margueriteMarguerite de Navarre (1492-1549 AD)
Marguerite of Navarre received a thorough humanist education as a young girl: she spoke multiple languages; she was well acquainted with the philosophy of her day; and she was conversant in history and theology.

Marguerite of Navarre married the Duke of Alencon in 1509 when she was 17 years old and he was 20. Marguerite patronized scholars and explored the possibilities for religious reform.

In 1527, Marguerite married Henry d'Albret, King of Navarre, ten years younger than she. Under her influence, Henry initiated legal and economic reforms, and the court became a safe place for people who were religious-reform minded. Marguerite established a salon, known as "The New Parnassas," gathered influential scholars and others.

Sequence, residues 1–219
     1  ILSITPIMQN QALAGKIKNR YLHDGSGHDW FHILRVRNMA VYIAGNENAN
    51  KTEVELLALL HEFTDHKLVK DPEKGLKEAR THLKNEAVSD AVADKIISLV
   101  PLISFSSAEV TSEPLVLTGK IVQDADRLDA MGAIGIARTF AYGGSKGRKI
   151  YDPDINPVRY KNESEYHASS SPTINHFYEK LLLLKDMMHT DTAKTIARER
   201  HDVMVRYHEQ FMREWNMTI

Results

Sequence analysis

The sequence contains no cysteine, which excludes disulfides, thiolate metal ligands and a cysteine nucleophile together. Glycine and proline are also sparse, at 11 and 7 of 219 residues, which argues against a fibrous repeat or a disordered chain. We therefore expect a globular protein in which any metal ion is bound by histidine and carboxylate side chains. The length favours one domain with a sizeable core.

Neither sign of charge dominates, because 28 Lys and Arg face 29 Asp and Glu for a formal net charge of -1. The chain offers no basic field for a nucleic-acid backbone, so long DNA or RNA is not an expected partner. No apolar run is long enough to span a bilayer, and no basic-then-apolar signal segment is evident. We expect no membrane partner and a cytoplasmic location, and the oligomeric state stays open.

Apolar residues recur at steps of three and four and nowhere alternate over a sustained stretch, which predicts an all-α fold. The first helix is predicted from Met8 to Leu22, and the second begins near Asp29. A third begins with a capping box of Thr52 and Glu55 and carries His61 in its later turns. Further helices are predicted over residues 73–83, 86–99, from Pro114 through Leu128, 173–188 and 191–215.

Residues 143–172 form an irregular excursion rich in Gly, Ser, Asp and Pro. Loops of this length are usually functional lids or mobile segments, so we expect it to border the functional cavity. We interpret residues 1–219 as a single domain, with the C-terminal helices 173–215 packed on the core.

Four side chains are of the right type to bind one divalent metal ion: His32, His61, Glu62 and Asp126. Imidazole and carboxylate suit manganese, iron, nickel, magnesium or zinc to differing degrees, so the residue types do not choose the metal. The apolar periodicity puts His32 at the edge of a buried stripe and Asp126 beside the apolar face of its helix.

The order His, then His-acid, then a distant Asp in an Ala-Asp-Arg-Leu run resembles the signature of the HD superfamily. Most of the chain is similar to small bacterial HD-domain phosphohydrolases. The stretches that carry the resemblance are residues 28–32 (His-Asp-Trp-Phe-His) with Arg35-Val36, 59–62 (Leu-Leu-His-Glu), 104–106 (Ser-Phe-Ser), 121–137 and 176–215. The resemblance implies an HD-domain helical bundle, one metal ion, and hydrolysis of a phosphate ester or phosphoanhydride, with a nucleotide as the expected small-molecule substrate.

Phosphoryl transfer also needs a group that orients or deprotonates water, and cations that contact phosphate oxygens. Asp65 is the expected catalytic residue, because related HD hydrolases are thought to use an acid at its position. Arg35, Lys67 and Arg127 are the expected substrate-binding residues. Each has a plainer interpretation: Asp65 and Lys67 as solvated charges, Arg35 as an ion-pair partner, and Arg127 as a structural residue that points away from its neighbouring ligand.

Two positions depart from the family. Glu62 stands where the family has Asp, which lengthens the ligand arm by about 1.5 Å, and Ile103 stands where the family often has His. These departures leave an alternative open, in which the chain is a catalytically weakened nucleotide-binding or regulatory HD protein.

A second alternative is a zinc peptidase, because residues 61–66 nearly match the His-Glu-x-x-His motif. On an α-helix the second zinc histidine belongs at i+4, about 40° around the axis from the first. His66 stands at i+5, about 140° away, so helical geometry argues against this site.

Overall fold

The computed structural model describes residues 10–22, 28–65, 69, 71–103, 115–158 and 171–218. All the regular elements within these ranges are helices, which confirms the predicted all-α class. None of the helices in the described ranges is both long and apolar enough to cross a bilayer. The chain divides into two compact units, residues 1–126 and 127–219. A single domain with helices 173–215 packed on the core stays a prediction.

Marguerite of Navarre was a writer in her own right. Her work reflected her religious non-orthodoxy, as she was influenced by humanism and believed in a more personal relationship and experience of God.

Marguerite of Navarre took charge of the education of her daughter, Jeanne d'Albret, who became a Huguenot leader and whose son became France's King Henry IV (otherwise known as Henry of Navarre). Marguerite did not go so far as to become a Calvinist, and was estranged from her daughter Jeanne over religion.